When taking class in a studio, you often have a somewhat limited choice of classes. You may have teachers you like or don’t like as well. You may have a preferred style of yoga. But often, the class you take is determined more by your schedule. You show up when it works in with the rest of your schedule and the teacher does what they do and that’s it. There’s an element of surrender.
Enter Yogaglo – an internet database of class videos with a wide variety of teachers, styles and all titled with what what they are designed to do. Do you want to wake up? Or open you hips? Boost your immunity? Focus on a particular chakra? Work towards a peak pose? The options feel practically endless. And it’s all about what YOU bring to it. Today, for example, I chose a class designed to boost metabolism. Hey, it’s winter, the cold’s been getting me down a little recently, and I’m not feeling light and vibrant. In fact, the past couple of days have been “fat days.” So already, going into this class, I had judgement about what it was “I needed.” And that’s OK. Sometimes I’m right about what I need. And the rest of the time I’m right, but not in the way I expected.
Did it boost my metabolism? Dunno. Did it solve the problem of feeling fat? Not really, even though, MAN, I wanted it to. Turns out, that even though it wasn’t a ‘good’ practice (Well, hey there! Is that another judgment?); as in, one where I leave feeling light, at one with Creation, all gooey and vibrating and radiant, it WAS what I needed. You see, there was A LOT of core work and reps/intervals, A LOT of long holds, basically A LOT of stuff that triggers my “give up” response. And I realized: it’s been a while since I had that kind of practice. I generally follow pretty similar flows. I like this because a) I get out of my head more; b) I can see how much my practice varies from day to day and know it’s not the flow changing, it’s my body, my emotions, my thoughts. But it is possible to get into a rhythym. Muscle memory takes over and you stop pushing yourself to a new edge every time. My practice recently has felt strong and confident. And don’t get me wrong, I LOVE that. As far as I’m concerned: there’s NOTHING wrong with feeling a little strong and confident. But life is always in fluctuation and even good things, if stagnant, can become bad things. Today, whatever it was about the type of poses and the structure of the Yogaglo class – I just wanted to run. I felt weak, I gave up, I was serious and resistant. I found myself thinking about the instructor: “Is she kidding?” or “Yeah. Right. Like THAT’S going to happen.” I had changed up my routine and did it alone, without the support/inspiration of a community in the room with me to keep me going, and it kicked my ego’s holier-than-thou butt.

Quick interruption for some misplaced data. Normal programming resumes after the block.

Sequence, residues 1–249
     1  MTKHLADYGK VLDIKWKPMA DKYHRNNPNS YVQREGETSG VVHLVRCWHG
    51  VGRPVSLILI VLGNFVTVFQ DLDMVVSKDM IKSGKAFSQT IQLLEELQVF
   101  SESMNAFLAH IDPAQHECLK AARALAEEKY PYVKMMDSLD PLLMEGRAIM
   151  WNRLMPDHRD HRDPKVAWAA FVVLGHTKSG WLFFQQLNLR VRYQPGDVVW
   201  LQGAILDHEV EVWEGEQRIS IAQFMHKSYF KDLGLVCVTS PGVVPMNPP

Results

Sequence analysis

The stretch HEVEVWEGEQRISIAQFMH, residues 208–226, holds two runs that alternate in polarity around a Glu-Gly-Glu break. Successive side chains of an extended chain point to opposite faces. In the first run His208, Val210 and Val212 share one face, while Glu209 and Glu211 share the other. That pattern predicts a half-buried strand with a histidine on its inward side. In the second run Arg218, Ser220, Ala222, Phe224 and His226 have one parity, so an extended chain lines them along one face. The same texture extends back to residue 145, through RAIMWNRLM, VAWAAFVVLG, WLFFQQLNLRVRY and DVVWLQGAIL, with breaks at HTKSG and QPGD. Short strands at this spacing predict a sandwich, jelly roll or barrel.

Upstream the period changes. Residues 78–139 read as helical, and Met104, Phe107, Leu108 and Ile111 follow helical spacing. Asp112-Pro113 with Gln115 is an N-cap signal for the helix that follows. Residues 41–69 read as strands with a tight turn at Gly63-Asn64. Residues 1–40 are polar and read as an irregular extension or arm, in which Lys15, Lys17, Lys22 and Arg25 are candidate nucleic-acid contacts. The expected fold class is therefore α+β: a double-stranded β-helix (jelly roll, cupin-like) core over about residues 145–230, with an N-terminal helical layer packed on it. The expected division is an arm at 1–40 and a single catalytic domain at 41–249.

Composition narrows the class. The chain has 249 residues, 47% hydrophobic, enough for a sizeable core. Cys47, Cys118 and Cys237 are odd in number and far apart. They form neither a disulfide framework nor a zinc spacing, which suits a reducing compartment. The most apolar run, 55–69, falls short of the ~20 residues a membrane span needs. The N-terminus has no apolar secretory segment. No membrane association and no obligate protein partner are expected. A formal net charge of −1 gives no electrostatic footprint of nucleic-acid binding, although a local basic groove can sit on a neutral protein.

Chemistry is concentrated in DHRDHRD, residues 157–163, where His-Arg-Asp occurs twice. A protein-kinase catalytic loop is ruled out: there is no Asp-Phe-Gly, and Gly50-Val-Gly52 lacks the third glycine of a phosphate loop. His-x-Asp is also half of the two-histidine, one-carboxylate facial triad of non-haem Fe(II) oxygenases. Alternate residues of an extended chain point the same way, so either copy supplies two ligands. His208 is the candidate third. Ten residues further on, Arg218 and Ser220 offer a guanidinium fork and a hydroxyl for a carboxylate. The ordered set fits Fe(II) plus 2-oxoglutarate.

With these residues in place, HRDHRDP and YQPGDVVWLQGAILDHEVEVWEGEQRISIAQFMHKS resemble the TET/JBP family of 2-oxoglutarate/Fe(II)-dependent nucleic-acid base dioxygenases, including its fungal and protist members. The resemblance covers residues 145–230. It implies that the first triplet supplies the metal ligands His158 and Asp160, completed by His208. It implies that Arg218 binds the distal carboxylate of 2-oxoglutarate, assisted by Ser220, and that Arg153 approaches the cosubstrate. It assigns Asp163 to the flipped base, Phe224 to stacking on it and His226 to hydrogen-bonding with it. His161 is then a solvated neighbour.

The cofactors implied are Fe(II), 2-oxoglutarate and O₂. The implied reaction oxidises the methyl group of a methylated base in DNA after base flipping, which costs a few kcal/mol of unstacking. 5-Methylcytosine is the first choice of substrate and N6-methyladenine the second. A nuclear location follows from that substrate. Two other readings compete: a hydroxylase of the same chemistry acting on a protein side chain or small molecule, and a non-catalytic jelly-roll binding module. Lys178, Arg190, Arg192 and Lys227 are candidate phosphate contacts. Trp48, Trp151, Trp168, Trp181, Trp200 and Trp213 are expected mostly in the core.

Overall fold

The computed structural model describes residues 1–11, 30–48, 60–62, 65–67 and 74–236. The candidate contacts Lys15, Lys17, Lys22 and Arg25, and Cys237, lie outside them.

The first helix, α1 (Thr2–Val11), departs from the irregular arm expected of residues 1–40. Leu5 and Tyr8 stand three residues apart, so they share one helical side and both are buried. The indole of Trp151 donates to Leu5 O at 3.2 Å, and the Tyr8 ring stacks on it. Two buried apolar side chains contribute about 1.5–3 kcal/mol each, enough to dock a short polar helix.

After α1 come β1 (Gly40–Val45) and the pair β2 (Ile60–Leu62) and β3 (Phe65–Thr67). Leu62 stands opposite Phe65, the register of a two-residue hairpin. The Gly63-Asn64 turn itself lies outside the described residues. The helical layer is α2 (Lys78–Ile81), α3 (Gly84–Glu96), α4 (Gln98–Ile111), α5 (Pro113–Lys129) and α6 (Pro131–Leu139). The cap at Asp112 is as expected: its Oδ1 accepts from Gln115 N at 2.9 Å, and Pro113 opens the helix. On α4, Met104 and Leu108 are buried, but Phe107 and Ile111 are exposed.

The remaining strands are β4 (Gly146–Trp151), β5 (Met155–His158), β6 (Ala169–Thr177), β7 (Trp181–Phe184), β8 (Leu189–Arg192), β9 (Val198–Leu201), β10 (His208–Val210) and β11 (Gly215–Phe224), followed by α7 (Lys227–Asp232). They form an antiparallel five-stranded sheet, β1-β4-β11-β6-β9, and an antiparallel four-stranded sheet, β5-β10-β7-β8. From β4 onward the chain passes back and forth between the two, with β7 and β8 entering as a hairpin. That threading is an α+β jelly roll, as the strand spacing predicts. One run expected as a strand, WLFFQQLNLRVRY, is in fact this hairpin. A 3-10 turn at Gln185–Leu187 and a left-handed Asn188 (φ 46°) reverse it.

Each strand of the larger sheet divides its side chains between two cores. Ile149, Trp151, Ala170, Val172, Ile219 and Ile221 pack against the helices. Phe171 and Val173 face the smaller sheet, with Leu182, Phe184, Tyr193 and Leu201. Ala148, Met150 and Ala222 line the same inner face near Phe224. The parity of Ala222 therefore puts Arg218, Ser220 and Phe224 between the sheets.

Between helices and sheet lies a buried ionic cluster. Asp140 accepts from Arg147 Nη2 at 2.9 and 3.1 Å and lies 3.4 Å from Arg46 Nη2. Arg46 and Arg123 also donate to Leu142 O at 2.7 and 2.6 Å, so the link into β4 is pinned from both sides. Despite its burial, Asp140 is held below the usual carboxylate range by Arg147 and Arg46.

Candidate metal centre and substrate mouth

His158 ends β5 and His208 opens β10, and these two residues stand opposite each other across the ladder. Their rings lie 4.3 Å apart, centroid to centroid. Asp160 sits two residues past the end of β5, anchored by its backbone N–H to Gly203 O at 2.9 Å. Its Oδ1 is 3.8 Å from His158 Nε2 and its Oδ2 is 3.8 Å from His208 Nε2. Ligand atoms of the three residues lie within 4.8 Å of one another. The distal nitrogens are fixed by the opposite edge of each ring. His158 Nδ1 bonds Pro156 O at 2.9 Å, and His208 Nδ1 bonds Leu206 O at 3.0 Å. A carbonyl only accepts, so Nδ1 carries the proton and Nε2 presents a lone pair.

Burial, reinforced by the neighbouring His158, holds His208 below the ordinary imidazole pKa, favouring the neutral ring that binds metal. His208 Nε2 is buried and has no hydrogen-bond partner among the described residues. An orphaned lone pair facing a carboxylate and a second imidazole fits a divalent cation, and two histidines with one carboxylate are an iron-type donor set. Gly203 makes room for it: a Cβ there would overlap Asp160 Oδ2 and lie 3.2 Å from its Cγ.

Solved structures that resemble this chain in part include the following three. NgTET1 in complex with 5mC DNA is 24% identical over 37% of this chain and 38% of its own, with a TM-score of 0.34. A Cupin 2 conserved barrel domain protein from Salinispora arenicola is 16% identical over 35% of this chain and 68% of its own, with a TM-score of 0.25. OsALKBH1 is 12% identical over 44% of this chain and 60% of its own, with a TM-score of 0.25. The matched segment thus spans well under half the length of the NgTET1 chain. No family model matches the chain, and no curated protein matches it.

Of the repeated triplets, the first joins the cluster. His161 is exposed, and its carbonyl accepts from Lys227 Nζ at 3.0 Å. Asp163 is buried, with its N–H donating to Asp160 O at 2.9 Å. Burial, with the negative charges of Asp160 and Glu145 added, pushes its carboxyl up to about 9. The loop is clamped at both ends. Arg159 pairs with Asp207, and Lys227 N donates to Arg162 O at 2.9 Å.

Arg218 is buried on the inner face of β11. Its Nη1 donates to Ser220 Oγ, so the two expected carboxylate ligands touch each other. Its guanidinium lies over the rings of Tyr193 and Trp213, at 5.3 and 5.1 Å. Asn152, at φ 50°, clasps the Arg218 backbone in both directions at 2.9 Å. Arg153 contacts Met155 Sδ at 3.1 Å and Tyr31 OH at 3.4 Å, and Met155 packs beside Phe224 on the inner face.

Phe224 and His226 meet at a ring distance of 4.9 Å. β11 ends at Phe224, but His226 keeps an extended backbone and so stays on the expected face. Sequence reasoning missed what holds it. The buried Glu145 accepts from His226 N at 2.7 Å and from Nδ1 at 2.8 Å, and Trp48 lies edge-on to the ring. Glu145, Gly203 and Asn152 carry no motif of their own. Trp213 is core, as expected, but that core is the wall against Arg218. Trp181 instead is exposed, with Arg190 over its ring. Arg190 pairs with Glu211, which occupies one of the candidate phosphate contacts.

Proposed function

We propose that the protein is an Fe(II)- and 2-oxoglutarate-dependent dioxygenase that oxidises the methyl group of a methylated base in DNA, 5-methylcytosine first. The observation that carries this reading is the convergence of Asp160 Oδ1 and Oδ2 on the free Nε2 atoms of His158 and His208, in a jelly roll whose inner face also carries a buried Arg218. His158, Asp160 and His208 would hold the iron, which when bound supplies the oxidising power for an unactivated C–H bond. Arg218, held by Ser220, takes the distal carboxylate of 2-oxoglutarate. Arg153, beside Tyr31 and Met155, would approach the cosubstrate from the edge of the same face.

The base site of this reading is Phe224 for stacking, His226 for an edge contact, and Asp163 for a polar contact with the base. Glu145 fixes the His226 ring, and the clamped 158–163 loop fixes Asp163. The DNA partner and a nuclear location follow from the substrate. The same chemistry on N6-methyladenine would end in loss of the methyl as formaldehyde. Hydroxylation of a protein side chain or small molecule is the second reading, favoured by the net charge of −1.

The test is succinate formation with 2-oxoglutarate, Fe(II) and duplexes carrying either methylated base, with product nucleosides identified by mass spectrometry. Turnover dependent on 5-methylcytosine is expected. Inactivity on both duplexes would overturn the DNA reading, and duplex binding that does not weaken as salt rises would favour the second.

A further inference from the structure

So what do you do when you have a class like that? Where one day, you’re just not feeling it? Where the judgements are flying thick and you just want to give up. Hell, you don’t WANT to give up. You DO give up. Or, more importantly, what do you do when that happens in life? Because we all enter into situations carrying baggage and judgement about ourselves. We all resist the things that are the most challenging. And we all make mistakes, doubt ourselves, forget what we’re capable of, forget to honor the journey, and give up because it feels easier – safer. So what do you do? I guess you just notice it. Notice all the ways in which you aren’t perfect. All the ways in which you think you fall short. All the moments of weakness. And then you shift your focus to the bigger picture. To the fact that todays ‘failure’ is the lesson that can make tomorrow sweeter. You trust in the change (it’s funny how when we’re happy, change is a threat but when we’re sad it becomes the hope of salvation). And then (at least in the Yogaglo world), ‘favorite’ it and promise yourself that you will try it again soon because clearly, there’s lessons to be learned and stuff there that needs to be worked through. I keep a quote from Marianne Williamson by my bed: “Nothing needs to be as it was. The first step in creating the new is dropping the notion that what already exists in inevitable going forward.” Every moment holds the seed of ‘next time’ and every ‘next time’ holds the possibility of a different experience.